By Tracy SherlockB.C. teachers have started making a tentative plan for escalating job action, in case mediation fails.
A leaked, confidential memo outlining a possible strike plan by B.C. Teachers’ Federation president Teri Mooring was obtained by Global BC’s legislative bureau chief Keith Baldrey.
Teachers and their employer have been bargaining for a year and have been in mediation for months. Mediator David Schaub released a report in November, after 58 days of bargaining and 16 days of mediation, which said only three issues had been resolved.
The leaked plan calls for a four-stage job action, Baldrey reported. The first stage would see teachers continue to put pressure on the government through communications. The second stage would see a withdrawal of extracurricular activities, like attending parent-teacher meetings, coaching sports teams or preparing anecdotal report cards. The third stage would see 20 per cent of teachers strike on a rotating, school-by-school basis. The fourth stage would see a province-wide strike.
In 2014, B.C. teachers were on strike for five weeks, over a period that stretched through the summer. That strike came after 16 months of failed bargaining and included a partial lockout and a 10-per-cent wage reduction. In the ramp-up period there were a couple of weeks of rotating strikes where several districts at a time would be closed for one day per week. As the strike wore on, the government paid parents $40 a day to cover the cost of childcare for kids under the age of 12.Eventually, with the help of a mediator, a negotiated six-year deal was reached, bringing labour peace. The BCTF put a response to the leaked memo on Twitter, saying they remain fully committed to the mediation process, which is still in place.
Important piece of information for those in #bcpoli and #bced speculating about contract talks. The BCTF remains fully committed to the Labour Relations Board mediation process. There can be no strike vote, job action, or lockout by the employer while that process continues.— BCTF (@bctf) January 23, 2020
“There can be no strike vote, job action, or lockout by the employer while that process continues,” the BCTF said on twitter. “It has been a year of bargaining and of course we are talking to members about contingency plans IF mediation concludes without a good deal.
“We hope the employer will agree to meeting dates soon. The mediator is still engaged. We don’t expect any imminent changes.”
The plan would go first to the BCTF Representative Assembly, which is meeting Jan. 31 and Feb. 1. The Representative Assembly is a group of teacher leaders who meet three times each year and make policy decisions for the BCTF. That group could decide to approve the plan in principle, or toss it out and come up with another plan.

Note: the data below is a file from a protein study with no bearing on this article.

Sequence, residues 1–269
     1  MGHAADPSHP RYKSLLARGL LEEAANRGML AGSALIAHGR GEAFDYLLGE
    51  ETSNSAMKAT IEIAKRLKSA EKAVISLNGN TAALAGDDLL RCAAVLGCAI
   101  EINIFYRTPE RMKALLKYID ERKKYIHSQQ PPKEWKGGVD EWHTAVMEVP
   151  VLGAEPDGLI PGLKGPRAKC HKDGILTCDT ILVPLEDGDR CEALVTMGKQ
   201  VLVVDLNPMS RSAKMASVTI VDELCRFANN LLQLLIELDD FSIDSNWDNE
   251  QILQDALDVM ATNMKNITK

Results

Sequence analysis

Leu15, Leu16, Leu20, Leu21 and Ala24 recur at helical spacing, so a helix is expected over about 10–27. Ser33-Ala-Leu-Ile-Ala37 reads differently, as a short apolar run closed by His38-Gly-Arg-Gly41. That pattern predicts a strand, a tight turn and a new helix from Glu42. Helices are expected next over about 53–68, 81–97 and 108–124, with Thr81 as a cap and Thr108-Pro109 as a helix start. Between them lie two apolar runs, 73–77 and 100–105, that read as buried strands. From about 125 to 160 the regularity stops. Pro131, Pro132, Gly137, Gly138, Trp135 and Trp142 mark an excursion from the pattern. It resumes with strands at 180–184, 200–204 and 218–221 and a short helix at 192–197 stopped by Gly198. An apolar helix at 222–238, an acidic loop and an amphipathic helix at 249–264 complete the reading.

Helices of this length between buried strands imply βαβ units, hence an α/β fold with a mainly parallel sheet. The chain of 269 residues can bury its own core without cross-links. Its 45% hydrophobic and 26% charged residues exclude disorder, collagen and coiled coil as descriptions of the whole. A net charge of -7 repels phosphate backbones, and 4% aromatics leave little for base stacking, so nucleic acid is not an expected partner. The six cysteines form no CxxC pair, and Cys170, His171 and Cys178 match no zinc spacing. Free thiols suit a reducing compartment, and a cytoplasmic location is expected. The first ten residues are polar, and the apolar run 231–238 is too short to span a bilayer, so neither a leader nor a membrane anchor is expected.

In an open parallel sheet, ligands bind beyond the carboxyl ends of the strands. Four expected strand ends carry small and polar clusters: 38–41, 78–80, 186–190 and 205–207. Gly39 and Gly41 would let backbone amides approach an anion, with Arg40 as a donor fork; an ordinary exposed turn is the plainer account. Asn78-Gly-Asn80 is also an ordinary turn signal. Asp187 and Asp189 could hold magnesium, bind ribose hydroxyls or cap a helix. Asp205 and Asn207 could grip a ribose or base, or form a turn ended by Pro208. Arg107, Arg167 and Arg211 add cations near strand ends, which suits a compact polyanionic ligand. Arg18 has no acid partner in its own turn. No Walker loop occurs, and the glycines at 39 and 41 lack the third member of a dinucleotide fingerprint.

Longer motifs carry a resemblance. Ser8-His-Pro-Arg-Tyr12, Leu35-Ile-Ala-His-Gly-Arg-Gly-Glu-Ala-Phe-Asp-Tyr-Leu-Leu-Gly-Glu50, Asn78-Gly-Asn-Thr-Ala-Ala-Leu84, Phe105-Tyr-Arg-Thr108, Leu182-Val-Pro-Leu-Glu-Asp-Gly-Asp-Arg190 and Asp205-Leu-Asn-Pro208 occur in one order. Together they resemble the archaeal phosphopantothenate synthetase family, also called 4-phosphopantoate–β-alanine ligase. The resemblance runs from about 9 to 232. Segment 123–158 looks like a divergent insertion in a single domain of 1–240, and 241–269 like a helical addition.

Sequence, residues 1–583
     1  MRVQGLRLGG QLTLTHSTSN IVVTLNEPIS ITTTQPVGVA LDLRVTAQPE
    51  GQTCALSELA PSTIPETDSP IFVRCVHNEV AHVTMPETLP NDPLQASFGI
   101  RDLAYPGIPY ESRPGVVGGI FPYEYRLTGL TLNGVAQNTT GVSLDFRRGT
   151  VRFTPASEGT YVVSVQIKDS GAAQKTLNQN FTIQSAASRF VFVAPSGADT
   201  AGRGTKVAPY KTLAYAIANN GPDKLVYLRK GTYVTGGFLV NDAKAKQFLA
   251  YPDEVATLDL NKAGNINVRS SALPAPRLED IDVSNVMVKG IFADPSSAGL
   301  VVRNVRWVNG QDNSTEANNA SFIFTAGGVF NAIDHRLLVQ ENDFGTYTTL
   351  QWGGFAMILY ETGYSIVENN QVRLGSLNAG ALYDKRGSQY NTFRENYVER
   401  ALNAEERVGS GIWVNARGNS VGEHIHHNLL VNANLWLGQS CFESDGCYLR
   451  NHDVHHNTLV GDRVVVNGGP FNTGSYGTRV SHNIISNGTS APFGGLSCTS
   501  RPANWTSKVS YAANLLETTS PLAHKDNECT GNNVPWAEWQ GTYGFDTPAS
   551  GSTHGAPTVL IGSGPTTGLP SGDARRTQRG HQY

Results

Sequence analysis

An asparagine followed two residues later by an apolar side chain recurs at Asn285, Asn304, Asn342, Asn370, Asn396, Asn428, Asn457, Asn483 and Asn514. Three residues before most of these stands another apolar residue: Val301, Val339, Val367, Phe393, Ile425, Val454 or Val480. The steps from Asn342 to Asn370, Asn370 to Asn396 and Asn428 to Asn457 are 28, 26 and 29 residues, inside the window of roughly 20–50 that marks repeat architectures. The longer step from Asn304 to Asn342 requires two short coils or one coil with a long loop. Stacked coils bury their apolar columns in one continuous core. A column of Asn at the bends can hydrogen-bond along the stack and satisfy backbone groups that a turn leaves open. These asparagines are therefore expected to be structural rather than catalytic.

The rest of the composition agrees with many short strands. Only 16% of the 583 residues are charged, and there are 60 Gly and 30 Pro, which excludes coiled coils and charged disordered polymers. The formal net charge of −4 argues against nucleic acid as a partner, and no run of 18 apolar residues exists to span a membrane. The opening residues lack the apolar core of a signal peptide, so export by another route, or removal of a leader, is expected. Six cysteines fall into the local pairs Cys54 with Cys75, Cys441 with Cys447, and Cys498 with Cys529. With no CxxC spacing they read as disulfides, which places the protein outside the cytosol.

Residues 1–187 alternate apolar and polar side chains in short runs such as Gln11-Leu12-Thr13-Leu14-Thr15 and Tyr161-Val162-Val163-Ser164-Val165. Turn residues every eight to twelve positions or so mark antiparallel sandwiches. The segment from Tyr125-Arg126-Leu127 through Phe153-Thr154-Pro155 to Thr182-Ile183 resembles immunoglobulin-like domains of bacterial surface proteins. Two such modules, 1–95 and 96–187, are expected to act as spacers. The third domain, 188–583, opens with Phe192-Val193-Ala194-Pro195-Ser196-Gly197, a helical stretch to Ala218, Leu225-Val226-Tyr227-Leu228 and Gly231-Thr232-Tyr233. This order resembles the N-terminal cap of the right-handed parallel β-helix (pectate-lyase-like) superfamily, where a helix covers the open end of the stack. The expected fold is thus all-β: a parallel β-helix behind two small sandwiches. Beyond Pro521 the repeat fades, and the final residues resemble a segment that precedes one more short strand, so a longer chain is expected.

The confidential memo includes two strike votes – one that would take place no earlier than Feb. 15 and a second one that would take place before the escalation to a full strike, Baldrey reported.
The BCTF has a meeting with the mediator planned for next week and setting dates to continue mediation will be part of that, BCTF said. In November, teachers rejected the mediator’s recommendation of a two-per-cent wage increase in each of the next three years with a rollover of the rest of the contract, including class size, class composition and specialist teacher ratios, where they exist. Those rules were restored in 2016 by the Supreme Court of Canada, but they are not universal across B.C.
Earlier last year, the two sides were far apart on negotiating those rules, with teachers wanting the entire province to level up and the employer wanting districts with strong language to concede so that others could gain. In November, Mooring said teachers rejected the offer because of low starting salaries, low wages overall and a provincial teacher shortage. She said teachers were willing to accept three years of two-per-cent increases, but only with some modifications to salary grids, which she said do not trigger “me too” clauses for other unions.At that time, Mooring urged the province to offer new funding, but Finance Minister Carole James told the Globe and Mailthis week that this year’s provincial budget won’t offer any new money.
The province will spend $6.6 billion on education this year, including about $400 million to pay for nearly 4,000 new teachers who were hired as a result of the Supreme Court ruling.
In his November report, the mediator said there was a “disconnect” preventing a collective agreement.
A failure to do so would be a missed opportunity to address the issues such as class size, class composition, teacher salary grids and attraction and retention or teachers.”Let’s hope both sides are ready to find a way forward now, so students and their parents can relax and focus on learning.
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